Domino is a small, flat, rectangular block used as a gaming object. The individual dominoes are often referred to as bones, pieces, men, tiles, or cards. They are found in many types of games, ranging from simple blocking and scoring to elaborate layouts that use the whole set of dominoes. The most common commercially available domino sets contain 28 dominoes, although larger sets are commonly used in games that require longer dominoes or for players who wish to play more complicated dominoes.
Domino art can be simple or elaborate – straight lines, curved lines, grids that form pictures when they fall, stacked walls, or 3D structures. Some artists even create entire rooms, complete with furniture and other decorations, using dominoes.
The term domino comes from a Latin phrase meaning “falling together.” A game played with dominoes involves placing one domino on top of another, and each subsequent domino must be positioned exactly where it should be to create the desired effect.
Creating such an effect is an exciting challenge, and it can also be a great way to pass time. Some people enjoy building towers or pyramids with their dominoes, while others like arranging them in long rows to knock down. The possibilities are endless.
Many different materials are used to make dominoes. Traditionally, European-style dominoes are made from bone, silver lip ocean pearl oyster shell (mother of pearl), ivory or a dark hardwood such as ebony. They feature contrasting black or white pips that are inlaid or painted. More recently, sets have been produced from stone (e.g. marble, granite or soapstone), other woods (e.g. ash or oak), metals (e.g. brass or pewter) and ceramic clay. These sets have a more unique look and feel than their polymer counterparts, and are typically more expensive.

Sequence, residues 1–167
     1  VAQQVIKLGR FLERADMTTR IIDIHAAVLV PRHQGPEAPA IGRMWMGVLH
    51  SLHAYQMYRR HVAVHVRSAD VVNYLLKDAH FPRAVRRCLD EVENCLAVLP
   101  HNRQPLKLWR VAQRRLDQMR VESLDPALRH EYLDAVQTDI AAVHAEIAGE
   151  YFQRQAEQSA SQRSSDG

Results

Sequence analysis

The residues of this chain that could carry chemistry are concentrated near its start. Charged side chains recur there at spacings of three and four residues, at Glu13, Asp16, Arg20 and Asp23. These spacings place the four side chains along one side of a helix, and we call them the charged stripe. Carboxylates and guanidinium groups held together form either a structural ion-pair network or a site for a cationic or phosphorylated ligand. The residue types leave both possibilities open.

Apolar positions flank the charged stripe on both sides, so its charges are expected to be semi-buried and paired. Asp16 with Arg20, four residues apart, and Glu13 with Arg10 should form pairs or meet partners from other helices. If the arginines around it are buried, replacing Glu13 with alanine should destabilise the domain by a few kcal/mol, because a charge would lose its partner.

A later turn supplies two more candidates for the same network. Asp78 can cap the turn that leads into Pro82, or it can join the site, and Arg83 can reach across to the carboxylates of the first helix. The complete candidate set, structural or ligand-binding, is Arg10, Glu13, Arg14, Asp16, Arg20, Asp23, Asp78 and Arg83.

A major obstacle to Domino’s success was the company’s high turnover rate among its employees. When Domino’s new CEO, Dave Brandon, was brought in to replace Doyle, he made it a priority to listen to employees and address their concerns. He implemented a relaxed dress code, new leadership training programs and college recruiting systems.
While these changes were intended to improve employee morale, they had a secondary benefit: they made it easier for Domino’s to reach its goal of becoming the world’s leading pizza delivery company.
The physics of the domino effect explains why so many little dominoes can cause such a big change. When a domino is standing upright, it has potential energy, which is stored based on its position. When it falls, much of this energy is converted to kinetic energy, which causes other dominoes to fall. In fact, it takes more energy for a single domino to fall than it does for all the other dominoes in a chain reaction to fall. This is because gravity plays a much stronger role in a single domino than in the chain of events that results from several dominoes falling simultaneously.